ISSN (Print) - 0012-9976 | ISSN (Online) - 2349-8846

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CMs Meeting on Narmada Dam-What Did Not Happen

prevented from prosecuting army personnel. The central government's inaction thus renders the army accountable to none.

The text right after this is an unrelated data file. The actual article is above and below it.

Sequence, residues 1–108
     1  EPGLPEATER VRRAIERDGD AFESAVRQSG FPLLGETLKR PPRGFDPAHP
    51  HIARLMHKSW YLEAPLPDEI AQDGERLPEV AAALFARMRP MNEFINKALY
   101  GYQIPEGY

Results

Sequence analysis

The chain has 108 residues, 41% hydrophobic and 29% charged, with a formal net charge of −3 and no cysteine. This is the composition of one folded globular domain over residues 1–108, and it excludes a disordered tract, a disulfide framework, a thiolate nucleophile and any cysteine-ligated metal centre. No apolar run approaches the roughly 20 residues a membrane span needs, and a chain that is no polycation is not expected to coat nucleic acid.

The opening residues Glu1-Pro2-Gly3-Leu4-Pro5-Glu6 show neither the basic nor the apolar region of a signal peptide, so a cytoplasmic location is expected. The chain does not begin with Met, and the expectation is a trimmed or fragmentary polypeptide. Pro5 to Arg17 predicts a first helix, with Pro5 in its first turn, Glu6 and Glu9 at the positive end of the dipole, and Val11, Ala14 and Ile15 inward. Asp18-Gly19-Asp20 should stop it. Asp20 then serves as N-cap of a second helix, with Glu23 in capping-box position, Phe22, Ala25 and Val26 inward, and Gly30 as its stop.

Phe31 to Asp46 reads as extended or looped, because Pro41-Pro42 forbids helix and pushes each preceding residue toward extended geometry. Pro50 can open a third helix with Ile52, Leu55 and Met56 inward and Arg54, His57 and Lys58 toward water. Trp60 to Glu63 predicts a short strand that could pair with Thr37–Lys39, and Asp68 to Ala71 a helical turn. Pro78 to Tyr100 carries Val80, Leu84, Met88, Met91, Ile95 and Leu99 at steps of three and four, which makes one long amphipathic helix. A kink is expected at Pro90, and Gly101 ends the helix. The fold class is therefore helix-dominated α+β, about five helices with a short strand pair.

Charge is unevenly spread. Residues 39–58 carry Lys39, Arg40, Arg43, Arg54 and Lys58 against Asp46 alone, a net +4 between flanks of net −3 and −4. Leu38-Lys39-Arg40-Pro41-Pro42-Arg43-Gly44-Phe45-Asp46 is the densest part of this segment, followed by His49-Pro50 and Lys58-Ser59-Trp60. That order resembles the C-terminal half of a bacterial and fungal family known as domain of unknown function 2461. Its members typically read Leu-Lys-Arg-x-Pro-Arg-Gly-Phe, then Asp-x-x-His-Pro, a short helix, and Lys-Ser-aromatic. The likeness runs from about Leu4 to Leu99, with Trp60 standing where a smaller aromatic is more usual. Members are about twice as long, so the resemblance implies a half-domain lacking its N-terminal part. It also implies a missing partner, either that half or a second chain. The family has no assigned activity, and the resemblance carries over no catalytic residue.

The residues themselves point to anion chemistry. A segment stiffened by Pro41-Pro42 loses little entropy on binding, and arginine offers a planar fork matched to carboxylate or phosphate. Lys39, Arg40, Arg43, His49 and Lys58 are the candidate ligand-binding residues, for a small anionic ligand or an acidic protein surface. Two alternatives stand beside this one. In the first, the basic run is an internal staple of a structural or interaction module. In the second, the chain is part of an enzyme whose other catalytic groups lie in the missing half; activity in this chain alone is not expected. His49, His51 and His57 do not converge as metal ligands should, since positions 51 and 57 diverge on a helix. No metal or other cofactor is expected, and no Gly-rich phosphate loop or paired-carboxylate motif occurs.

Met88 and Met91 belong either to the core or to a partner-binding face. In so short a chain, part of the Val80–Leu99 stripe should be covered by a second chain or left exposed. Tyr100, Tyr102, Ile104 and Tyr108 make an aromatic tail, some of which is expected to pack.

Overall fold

In 1982, the PUDR together with the Naga People's Movement for Human Rights (NPMHR) petitioned the Supreme Court for the repeal of the Armed Forces (Special Powers) Act, The case has moved very little over the last 14 years. The findings of the D M Sen Enquiry Commission point to excessive use of force by the army. These powers are given to the army by the Armed Forces Act. The deadlock over further action IT ail started with the innocuous announcement by the prime minister, H D Deve Gowda on August 2 at a meeting with over 500 tribals-peasants from the Narmada valley at Delhi. The people had come to the capital to protest against an unjust and illegal decision to raise the height of the dam up to 436 feet and re-starting the work on the dam which has remained suspended for more than 18 months, since January 1995. After the meeting the newly appointed home minister, Indrajit Gupta, the people met the prime minister and appraised him of the situation regarding the dam, its cost-benefit and the displacement, submergence. The prime minister was accompanied by the three concerned ministers, Janeshwar Mishra, minister for water resources, B S Ramoowalia, minister for social welfare, and Nishad, the environment minister. He assured them that he was in favourof keeping the displacement to the minimum and had announced that a meeting of the four chief ministers and 15-20 representatives of Narmada Bachao Andolan would be convened for discussing rehabilitation and other issues regarding the dam. The NBA had, then, welcoming the initiative wound off its dharna in Delhi to prepare for the proposed talks.

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